CEO Update

Impressive sustainability gains a step in the right direction

19 July 2019 #CEO Update

This week we were in Parliament to launch SMMT’s 20th annual Sustainability Report, which since 1999 has sought to highlight the efforts made by UK Automotive to live up to its social, economic and environmental responsibilities.

What is remarkable about this year’s report is not just the tremendous progress made on sustainability by the industry over the past two decades, but that it has managed to do so while increasing turnover and productivity – even as it faced regulatory challenges, technological changes and a global financial crisis.

Despite those challenges, turnover has risen 70.6% since 1999, while productivity has increased by a massive 208%. Today, automotive manufacturing workers are among the better paid in the country, earning 40% higher than the national average. Environmental improvements have been significant too – in the last 20 years average CO2 emissions per vehicle produced have fallen -31.2%; energy use -43.3%; water use -14.9%; and waste to landfill dropped by an impressive -95.4%. In fact, a third of signatories to the report sent zero waste to landfill in 2018.

On a similar theme, industry representatives were this week invited to Number 10 to discuss the ability of the new car market to achieve net zero by 2040 while sustaining and even enhancing vehicle production in the UK. Announcements on infrastructure are welcome, including a simplified payment system for public chargers and new build home charging requirements. Likewise, the establishment of a Green Mobility Transition Board is also good news – as all stakeholders will need to work together if shared environmental ambitions are to be met.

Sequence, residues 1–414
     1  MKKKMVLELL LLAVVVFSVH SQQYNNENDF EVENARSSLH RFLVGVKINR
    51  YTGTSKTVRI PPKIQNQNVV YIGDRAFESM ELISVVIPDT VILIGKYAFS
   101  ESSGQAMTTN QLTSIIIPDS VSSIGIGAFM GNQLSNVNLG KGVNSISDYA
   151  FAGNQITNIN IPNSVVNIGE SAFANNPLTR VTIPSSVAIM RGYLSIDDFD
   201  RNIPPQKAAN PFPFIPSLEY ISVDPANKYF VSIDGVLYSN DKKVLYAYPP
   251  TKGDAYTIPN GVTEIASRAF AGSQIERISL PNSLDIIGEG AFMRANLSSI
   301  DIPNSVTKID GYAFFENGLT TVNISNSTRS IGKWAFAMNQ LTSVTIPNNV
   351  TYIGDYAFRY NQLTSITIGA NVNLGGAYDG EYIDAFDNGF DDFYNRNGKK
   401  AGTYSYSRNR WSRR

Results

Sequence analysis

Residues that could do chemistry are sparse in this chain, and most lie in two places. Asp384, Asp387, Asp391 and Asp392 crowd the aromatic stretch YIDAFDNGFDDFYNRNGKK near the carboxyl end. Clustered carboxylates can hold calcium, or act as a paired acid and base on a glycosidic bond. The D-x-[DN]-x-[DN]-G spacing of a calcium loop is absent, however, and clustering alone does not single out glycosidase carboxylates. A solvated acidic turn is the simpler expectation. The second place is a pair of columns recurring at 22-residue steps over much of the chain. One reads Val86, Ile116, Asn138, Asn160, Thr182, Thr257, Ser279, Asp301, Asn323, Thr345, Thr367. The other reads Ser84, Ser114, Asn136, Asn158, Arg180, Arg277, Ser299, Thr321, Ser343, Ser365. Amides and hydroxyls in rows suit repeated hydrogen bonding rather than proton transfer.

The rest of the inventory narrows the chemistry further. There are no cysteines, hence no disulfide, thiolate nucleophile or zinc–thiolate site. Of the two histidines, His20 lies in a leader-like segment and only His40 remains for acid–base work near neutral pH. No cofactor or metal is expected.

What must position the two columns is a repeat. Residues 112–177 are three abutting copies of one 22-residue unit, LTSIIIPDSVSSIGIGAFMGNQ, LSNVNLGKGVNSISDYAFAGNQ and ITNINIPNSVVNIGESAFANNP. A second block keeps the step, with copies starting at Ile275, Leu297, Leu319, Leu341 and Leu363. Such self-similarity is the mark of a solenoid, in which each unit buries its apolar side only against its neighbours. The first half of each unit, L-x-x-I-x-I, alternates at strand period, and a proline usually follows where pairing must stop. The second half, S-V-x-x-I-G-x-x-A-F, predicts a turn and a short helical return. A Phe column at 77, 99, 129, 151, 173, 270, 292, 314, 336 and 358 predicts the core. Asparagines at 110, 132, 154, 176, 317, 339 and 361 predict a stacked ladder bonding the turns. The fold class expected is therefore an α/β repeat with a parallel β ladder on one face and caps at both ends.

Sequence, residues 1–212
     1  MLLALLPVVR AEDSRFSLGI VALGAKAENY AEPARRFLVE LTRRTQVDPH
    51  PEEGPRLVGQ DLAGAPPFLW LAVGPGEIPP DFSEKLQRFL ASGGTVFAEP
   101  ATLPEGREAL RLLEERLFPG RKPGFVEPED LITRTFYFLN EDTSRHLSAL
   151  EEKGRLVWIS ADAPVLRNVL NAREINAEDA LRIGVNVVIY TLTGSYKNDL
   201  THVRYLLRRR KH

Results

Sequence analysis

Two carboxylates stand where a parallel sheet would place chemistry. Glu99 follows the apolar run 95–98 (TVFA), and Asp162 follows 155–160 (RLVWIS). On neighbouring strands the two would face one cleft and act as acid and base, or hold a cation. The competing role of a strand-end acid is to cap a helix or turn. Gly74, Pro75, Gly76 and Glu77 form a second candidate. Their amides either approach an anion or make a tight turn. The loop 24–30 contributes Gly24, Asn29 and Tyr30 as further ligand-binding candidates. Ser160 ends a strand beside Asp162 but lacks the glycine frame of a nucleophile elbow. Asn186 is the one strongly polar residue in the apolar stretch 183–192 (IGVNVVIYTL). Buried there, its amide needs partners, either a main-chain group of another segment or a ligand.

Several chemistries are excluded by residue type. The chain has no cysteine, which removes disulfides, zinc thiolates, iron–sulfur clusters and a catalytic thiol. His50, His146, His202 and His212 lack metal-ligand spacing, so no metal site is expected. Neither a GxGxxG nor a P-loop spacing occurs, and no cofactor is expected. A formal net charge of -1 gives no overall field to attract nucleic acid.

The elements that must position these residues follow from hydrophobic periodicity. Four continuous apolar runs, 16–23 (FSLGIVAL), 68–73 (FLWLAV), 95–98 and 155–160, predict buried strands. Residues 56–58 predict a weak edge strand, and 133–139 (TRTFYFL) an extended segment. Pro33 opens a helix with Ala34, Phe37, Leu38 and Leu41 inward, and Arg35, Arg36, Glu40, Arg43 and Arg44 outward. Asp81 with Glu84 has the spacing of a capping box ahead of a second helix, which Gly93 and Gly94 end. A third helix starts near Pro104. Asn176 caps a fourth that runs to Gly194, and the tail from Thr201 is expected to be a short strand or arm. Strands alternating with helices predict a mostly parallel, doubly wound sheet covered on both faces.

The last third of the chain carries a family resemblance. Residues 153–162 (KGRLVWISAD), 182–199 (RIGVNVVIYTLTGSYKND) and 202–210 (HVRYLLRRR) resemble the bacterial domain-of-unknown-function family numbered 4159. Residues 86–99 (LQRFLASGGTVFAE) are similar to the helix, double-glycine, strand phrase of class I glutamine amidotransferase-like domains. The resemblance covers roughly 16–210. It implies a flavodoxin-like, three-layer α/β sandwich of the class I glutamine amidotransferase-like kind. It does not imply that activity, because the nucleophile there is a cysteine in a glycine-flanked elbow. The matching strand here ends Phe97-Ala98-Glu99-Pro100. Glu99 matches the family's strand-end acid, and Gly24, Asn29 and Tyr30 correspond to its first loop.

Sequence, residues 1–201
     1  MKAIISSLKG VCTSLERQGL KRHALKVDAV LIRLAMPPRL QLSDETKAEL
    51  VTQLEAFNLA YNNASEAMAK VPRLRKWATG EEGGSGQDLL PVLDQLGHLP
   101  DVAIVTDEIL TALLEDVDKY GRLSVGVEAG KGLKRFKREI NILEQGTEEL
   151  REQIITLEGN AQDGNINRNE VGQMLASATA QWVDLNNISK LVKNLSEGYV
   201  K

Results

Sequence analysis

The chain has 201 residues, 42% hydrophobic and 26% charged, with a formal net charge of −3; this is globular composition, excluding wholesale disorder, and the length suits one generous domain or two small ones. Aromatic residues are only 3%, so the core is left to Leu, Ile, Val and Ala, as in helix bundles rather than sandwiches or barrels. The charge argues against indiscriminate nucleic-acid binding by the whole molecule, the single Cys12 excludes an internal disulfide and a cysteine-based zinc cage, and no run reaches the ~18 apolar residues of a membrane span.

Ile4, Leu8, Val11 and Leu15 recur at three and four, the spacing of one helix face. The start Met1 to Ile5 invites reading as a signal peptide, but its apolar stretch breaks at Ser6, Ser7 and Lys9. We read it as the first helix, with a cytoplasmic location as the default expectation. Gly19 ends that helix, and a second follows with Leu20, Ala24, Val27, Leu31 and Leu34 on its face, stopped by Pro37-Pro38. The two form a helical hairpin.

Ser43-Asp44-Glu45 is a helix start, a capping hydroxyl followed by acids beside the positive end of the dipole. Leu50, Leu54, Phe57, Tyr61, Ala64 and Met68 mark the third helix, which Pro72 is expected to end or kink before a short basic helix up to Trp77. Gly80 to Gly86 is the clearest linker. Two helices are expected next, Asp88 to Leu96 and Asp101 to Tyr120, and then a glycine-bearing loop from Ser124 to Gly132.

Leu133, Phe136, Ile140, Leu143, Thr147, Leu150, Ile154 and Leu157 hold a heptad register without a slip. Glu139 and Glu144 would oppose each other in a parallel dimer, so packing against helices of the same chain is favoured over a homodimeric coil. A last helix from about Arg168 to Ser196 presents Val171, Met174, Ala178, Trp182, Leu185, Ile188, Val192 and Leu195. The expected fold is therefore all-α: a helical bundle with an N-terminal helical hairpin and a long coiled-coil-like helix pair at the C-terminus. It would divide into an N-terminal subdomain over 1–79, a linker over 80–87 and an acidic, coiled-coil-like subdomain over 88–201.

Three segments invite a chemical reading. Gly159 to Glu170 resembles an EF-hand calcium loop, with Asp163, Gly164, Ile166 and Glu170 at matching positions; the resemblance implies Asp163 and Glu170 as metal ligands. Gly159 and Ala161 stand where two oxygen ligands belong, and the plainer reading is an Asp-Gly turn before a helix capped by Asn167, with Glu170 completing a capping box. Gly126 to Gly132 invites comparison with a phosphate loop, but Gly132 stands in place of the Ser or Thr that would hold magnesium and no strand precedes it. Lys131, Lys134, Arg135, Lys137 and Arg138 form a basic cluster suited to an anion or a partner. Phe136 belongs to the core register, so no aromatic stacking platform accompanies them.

We are, however, in a global race and remaining competitive is essential, which includes securing significant giga-scale battery production in the UK, combined with a long-term commitment to infrastructural and supply chain investment and consumer incentives. Of course, there are other immediate challenges and for the UK to be in a strong position in the coming years, any future relationship with the EU must deliver frictionless trade and a supportive business environment to encourage investment.

Today’s Exiting the EU Committee’s welcome report examining the consequences of a ‘no deal’ Brexit only serves to reinforce what the industry has been saying all along about the disastrous impact that leaving without a deal would have. We want an ambitious future relationship and that means a deal. ‘No deal’ may be the default legal option but it is not an option if we want the UK industry to prosper or even survive.

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